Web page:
Released: 2010, Century Media Records
Reviewer: Aaron Yurkiewicz
For those unfamiliar with Los Angeles’ Intronaut, consider them the band that Cynic could have been had they not taken a 15 year hiatus. Combining harmonious angst and musical arrangements with more complexity than a calculus test, Intronaut have built a solid rep for creating unique and edgy progressive metal. VALLEY OF SMOKE is the title of the band’s latest effort, and beyond being the best representation of Intronaut to date – it’s a consistently amazing and captivating slab of heavy.
Each track on VALLEY OF SMOKE acts as a story unto itself that collectively work to create a greater whole. The opening track “Elegy” pacifies you with voracious shouts and doom heavy riffs, teasing subtle interludes here and there to break the tension. Songs like “Above” and “Core Relations” offer a stark contrast to those aggressive tones by offering more subdued melodies and wide vocal harmonies. The instrumental title track is a free form jazz session, (which if you’re into that kind of stuff it’s really a brilliant track), while the closing “Past Tense” sums up all of these musical emotions into a whopper of a finale. It’s a complex album that demands repeated listens to fully appreciate, but once it clicks you’ll be hooked.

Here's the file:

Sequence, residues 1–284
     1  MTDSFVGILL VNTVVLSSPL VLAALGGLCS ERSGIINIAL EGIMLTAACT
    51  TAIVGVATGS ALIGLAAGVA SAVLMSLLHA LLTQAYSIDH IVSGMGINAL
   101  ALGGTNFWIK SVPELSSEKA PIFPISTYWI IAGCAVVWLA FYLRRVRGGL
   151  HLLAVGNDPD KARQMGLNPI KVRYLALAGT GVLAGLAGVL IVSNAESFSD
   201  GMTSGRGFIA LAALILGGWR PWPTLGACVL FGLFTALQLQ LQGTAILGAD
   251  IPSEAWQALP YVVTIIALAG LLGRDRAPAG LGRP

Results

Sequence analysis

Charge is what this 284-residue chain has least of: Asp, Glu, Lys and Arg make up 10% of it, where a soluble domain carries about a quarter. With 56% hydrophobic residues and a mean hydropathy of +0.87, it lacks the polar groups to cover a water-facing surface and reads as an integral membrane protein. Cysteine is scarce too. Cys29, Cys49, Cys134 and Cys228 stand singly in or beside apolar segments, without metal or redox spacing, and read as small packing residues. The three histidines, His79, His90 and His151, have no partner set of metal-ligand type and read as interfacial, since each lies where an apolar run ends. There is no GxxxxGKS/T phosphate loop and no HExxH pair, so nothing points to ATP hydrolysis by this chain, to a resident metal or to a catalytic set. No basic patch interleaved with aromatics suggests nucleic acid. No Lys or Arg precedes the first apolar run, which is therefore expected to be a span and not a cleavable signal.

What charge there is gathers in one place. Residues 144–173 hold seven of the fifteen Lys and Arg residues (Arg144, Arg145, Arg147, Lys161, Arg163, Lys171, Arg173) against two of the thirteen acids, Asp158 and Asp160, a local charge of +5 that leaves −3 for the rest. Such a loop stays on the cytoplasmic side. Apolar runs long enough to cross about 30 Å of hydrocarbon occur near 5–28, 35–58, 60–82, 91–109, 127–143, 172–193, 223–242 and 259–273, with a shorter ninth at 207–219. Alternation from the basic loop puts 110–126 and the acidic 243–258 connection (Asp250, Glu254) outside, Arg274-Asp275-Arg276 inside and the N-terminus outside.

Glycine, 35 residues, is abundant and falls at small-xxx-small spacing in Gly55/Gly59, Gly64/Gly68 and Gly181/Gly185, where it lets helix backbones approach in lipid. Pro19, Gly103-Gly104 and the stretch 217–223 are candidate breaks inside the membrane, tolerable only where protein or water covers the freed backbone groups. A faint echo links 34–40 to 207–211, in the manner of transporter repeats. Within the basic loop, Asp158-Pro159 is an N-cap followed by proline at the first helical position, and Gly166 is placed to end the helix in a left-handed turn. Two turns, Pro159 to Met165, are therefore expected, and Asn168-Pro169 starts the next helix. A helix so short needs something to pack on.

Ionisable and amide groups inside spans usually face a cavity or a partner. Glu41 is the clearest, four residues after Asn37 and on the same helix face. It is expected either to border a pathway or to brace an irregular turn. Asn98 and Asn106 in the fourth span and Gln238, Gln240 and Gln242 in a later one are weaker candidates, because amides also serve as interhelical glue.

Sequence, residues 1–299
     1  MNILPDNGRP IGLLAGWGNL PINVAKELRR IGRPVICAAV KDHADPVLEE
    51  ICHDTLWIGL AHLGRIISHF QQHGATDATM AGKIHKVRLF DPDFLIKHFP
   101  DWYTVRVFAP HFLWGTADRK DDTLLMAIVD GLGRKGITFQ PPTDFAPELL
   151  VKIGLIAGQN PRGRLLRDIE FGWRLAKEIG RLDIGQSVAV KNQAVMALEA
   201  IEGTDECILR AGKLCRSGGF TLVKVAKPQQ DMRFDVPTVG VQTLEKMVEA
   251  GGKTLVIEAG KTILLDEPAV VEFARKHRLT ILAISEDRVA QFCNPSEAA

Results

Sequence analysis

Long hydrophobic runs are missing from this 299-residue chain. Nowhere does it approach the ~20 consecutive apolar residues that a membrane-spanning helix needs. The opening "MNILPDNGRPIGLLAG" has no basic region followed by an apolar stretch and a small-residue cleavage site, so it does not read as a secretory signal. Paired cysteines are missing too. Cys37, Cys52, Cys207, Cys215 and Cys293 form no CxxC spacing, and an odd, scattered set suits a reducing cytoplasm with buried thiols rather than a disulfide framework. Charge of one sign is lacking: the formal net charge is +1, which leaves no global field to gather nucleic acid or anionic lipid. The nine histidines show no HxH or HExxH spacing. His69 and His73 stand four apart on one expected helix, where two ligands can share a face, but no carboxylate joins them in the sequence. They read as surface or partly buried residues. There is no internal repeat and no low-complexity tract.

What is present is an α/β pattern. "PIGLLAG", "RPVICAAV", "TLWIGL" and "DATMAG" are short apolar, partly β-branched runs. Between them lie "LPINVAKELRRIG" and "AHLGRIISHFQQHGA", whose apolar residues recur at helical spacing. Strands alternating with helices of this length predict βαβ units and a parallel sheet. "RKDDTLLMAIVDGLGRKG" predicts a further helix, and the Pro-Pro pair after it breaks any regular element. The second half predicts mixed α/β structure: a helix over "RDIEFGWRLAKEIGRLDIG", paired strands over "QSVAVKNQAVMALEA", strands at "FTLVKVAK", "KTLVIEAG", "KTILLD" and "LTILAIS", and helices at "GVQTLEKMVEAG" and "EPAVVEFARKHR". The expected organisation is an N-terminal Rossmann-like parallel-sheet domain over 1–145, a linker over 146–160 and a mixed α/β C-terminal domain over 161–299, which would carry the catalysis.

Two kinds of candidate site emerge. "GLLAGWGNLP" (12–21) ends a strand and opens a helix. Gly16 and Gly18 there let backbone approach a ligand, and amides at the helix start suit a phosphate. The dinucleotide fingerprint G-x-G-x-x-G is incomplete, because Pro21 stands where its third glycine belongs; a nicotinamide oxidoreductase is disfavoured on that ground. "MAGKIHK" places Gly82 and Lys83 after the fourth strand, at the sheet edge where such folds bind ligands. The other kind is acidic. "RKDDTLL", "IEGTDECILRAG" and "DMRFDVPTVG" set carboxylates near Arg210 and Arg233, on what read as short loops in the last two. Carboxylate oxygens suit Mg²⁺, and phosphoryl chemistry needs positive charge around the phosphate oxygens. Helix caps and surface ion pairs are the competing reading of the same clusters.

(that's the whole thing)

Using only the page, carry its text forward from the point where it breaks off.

Musically, each of the four members of Intronaut delivers some amazing performances on VALLEY OF SMOKE, but the rhythm section of Joe Lester and Danny Walker are the true heroes of the day. Lester’s fretless bass work snakes and slides through each of the songs, providing additional dimensions of depth to each tune, while Walker sounds like a man in his own little universe. Check out the title track for further proof, but together these guys are jaw-droppingly good.
VALLEY OF SMOKE is a kind of antithesis to traditional prog-metal staples. There’s no over the top keyboard wankery, there’s no self-indulgent noodling – on the surface it’s a deceptively simple record, but under the surface there’s an entire valley to explore. VALLEY OF SMOKE is available now through Century Media Records.